As an example of the sleight of hand VicPD is likely going to try, their street check reports show that the department often categorized “curfew checks” as street checks. During a curfew check, officers work to recriminalize people by visiting their homes to follow up on parole conditions. A review of one month of street check reports from July 2017 suggests VicPD officers disproportionately check Indigenous people for “curfew” (34 per cent of the 29 curfew checks in July 2017). VicPD would likely say that it’s unfair to call those examples racist street checks, when they were actually racist curfew checks, the result of policing and judicial systems that disproportionately incarcerate Indigenous people and work to revoke their parole.

The Victoria and Esquimalt police board quietly announced in March 2019 that they have been looking at street check protocols and “how those might be reframed and reconsidered,” but no recommendations have been released. At the September 2019 police board meeting, the “legal hub” of VicPD said that they advise the department on “behaviours to adopt” to minimize public complaints, including how to street check people “legally but effectively.”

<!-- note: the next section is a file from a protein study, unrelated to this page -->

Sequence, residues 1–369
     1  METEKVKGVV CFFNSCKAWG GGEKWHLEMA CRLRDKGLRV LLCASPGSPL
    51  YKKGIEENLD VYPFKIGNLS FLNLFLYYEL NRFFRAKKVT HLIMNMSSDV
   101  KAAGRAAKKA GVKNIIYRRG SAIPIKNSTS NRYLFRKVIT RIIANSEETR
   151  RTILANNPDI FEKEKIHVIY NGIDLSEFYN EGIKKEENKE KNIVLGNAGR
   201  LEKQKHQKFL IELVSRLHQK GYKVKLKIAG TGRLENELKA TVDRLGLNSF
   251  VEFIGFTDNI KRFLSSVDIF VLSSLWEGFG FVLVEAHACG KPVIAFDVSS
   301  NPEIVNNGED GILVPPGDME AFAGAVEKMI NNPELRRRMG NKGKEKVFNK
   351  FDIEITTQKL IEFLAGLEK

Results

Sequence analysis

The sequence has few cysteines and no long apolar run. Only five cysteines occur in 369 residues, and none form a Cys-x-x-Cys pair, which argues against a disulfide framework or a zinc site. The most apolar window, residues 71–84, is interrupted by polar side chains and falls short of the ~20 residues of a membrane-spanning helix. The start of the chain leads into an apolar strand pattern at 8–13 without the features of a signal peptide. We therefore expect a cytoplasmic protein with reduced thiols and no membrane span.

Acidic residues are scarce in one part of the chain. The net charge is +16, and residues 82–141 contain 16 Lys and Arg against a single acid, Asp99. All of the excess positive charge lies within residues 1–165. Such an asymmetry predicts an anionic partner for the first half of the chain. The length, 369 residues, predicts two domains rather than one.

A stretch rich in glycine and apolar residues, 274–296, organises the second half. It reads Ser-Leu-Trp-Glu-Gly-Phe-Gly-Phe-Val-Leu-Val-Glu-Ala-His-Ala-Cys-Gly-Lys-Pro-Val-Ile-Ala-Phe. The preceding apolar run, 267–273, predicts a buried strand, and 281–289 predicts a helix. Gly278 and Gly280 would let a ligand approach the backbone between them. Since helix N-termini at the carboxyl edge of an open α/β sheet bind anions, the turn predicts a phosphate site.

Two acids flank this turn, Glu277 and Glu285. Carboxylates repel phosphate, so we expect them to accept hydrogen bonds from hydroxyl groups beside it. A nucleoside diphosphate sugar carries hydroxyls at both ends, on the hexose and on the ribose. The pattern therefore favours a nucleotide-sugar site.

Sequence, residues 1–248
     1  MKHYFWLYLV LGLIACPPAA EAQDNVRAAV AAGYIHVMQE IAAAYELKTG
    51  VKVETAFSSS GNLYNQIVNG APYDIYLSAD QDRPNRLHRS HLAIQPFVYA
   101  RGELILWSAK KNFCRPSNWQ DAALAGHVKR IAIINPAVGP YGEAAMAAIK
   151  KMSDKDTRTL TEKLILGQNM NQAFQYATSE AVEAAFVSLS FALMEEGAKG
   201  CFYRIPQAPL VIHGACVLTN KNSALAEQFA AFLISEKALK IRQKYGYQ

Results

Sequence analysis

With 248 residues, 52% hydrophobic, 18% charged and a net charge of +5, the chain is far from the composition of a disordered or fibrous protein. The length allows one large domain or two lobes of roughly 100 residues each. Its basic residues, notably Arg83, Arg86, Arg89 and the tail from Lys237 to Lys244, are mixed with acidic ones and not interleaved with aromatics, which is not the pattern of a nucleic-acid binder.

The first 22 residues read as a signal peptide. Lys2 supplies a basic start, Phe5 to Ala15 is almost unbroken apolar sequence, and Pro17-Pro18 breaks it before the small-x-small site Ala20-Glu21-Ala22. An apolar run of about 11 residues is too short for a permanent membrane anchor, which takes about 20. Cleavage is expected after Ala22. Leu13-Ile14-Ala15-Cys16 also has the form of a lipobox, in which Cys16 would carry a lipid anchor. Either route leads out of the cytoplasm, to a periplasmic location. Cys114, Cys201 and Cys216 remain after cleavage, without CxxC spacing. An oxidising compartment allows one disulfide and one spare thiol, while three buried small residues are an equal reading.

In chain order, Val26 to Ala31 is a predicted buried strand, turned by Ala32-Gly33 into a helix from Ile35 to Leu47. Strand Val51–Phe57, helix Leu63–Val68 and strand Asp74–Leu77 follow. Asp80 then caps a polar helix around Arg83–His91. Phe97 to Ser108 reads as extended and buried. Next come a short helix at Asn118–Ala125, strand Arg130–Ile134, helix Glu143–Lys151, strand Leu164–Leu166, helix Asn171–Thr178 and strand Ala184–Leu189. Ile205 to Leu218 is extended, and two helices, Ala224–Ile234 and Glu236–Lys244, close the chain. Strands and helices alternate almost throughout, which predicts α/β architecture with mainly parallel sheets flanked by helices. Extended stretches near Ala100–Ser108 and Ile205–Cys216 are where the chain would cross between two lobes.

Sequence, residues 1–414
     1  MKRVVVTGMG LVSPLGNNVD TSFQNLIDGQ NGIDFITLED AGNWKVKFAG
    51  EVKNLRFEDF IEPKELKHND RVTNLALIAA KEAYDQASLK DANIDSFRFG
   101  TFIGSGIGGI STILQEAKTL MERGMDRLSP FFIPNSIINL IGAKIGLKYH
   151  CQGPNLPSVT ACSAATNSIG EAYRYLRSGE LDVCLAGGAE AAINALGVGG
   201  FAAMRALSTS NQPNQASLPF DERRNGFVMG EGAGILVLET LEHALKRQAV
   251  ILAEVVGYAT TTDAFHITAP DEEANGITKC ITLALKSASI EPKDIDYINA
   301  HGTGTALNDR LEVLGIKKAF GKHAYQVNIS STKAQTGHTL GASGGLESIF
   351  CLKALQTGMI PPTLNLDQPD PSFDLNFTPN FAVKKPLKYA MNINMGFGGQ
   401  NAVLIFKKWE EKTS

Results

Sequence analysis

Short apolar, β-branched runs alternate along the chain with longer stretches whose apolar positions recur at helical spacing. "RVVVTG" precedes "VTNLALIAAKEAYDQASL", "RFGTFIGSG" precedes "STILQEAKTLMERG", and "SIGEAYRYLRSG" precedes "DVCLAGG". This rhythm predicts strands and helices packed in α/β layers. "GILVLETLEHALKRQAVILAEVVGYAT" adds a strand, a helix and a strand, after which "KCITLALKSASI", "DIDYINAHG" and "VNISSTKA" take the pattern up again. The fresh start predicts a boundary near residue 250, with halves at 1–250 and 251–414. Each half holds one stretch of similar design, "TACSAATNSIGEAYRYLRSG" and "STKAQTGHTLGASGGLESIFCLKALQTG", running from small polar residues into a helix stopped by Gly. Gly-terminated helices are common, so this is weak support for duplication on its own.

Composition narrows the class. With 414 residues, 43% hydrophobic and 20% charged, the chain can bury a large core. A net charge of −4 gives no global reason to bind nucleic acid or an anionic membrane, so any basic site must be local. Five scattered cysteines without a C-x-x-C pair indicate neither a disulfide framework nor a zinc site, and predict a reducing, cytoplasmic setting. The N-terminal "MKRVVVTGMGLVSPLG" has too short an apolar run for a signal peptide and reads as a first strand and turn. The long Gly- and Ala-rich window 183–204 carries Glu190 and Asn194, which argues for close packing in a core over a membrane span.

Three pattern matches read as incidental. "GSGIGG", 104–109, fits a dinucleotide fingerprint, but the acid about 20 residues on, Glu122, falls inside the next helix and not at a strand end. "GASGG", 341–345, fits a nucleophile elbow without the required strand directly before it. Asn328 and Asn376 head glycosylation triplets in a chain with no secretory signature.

VicPD’s broad street check policies have allowed officers to stop and question people “at the officer’s discretion” for years, engaging in discriminatory detention and information gathering. Instead of VicPD acknowledging that street checks might be a problem, they tinkered with their database and coached officers on how to keep street checking people in perpetuity.